Discrimination: A constructive dismissal may be discriminatory even where the last straw is not discriminatory

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Discrimination: A constructive dismissal may be discriminatory even where the last straw is not discriminatory

Published 10 June 2021

The EAT has held that if discriminatory acts play a sufficient part in the overall course of conduct a constructive dismissal may be discriminatory. This may be the case despite  the “last straw”  triggering the dismissal  not being a discriminatory act.

The facts

Ms De Lacey was a trainee hairdresser. She claimed that the Salon had engaged in a course of discriminatory conduct, beginning when she told the Salon that she was pregnant in May 2015, continuing on her return from maternity leave, and ending when she resigned nearly two years later in January 2017. This alleged course of conduct included two incidents in 2015 - failing her in a test of her hairdressing skills, and the cold way that the principal of the Salon treated her after he became aware of her pregnancy. She argued this course of conduct culminated in the “last straw” incident, which caused her to resign, when in January 2017 she was asked to clear up dog faeces in front of other trainees and was laughed at by her managers.

Ms De Lacey brought claims of pregnancy, maternity and sex discrimination and also made claims of constructive unfair dismissal arising from discrimination.

The employment tribunal found that Ms De Lacey had been unfairly constructively dismissed. It also found that the treatment of Ms De Lacey in relation to the hairdressing test and being treated coldly were potentially acts of discrimination. However, the tribunal considered that she was out of time to bring a discrimination claim in respect of these two incidents, and it did not go on to make a finding as to whether they constituted discrimination. The tribunal did not consider the “last straw” incident to be discriminatory.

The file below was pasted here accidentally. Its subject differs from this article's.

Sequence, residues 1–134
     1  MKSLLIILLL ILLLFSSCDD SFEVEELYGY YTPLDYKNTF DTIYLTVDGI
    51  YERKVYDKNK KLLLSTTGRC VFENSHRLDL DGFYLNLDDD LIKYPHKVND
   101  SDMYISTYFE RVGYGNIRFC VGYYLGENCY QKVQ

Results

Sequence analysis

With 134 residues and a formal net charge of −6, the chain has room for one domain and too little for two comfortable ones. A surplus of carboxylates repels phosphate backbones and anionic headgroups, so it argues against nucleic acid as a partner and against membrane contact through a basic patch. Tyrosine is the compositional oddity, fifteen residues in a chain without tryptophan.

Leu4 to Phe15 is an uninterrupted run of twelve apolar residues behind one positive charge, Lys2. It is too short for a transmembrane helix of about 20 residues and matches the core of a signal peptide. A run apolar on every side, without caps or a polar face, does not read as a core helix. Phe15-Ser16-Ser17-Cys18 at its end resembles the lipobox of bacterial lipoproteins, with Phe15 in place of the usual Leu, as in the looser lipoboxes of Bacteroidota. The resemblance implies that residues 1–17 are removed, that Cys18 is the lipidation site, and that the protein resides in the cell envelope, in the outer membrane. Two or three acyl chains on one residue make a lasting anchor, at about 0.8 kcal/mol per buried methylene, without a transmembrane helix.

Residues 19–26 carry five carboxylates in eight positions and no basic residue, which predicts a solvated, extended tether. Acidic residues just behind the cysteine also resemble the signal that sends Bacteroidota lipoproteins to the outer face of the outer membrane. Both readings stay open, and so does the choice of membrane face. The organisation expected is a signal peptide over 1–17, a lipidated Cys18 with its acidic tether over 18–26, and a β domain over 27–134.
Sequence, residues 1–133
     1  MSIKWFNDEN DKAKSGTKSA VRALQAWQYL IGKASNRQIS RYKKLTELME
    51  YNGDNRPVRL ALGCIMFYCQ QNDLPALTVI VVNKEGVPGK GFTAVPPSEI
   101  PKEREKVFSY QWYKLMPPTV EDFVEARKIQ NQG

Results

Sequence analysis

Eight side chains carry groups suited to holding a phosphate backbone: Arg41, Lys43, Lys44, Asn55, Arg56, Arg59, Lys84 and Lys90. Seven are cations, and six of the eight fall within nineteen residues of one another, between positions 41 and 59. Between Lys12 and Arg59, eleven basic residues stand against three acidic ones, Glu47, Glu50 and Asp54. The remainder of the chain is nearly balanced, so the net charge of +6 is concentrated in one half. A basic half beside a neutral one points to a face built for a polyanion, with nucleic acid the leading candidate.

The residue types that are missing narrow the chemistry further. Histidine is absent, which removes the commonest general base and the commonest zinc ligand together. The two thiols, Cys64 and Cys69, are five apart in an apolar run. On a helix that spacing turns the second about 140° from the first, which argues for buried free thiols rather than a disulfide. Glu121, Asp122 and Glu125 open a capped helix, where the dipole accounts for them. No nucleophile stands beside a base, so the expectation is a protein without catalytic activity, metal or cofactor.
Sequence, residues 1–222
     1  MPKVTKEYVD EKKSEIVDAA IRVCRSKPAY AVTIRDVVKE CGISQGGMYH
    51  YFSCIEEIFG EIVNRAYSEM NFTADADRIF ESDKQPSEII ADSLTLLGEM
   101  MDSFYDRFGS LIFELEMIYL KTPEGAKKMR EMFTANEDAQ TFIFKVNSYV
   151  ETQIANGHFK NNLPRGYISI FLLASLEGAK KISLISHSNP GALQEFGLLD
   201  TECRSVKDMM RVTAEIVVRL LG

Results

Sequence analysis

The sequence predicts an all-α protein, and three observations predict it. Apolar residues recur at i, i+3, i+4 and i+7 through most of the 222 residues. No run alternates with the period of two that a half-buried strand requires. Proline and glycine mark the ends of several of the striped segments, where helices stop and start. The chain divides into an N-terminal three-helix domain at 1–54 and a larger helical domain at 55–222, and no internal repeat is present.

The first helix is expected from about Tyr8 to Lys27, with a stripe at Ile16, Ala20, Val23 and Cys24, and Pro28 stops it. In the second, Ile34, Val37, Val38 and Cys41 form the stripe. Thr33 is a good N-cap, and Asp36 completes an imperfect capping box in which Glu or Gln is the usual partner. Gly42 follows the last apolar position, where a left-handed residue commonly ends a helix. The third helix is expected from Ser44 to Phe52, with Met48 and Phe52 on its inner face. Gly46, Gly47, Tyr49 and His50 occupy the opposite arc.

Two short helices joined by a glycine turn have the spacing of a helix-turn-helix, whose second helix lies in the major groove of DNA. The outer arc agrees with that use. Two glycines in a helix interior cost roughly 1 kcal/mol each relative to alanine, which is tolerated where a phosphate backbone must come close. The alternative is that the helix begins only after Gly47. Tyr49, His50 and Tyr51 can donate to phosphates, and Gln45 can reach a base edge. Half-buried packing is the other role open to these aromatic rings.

Ms De Lacey appealed to the EAT, which upheld her appeal, holding that the fact that the last straw was not itself discriminatory did not automatically mean that the constructive dismissal was not discriminatory. A constructive dismissal may be discriminatory where there is a range of matters, some of which are discriminatory and some of which are not, even if the incident that triggers the claim is not in itself discriminatory. The question will be whether or not the discriminatory matters sufficiently influenced the constructive dismissal so as to render the constructive dismissal itself discriminatory.

The EAT remitted the case back to the employment tribunal to decide whether or not the 2015 acts were discriminatory and, if so whether they sufficiently influenced the constructive dismissal. If so, the constructive dismissal would be discriminatory and the discrimination claim would not be out of time. The EAT explained that time runs from the date of acceptance of the repudiatory breach and not from the dates of discriminatory acts where they are earlier.

What does this mean for employers?

This case confirms that there may be cases where a constructive dismissal is discriminatory, despite the “last straw” event not being discriminatory. This is not altogether surprising because case law has already established that a last straw need not in itself be a breach of contract but something that causes the employee to decide they have had enough of the course of events they have been subjected to. The case also shows how historic acts of discrimination may resurface in constructive dismissal claims, even where taken alone the discriminatory acts would be out of time.

Lauren De Lacey v Wechseln Limited t/a the Andrew Hill Salon

Authors

Zoë Wigan

Zoë Wigan

London - Walbrook

+44 (0)20 7894 6564

Hilary Larter

Hilary Larter

Leeds

+44 (0)113 251 4710

Ceri Fuller

Ceri Fuller

London - Walbrook

+44 (0)20 7894 6583

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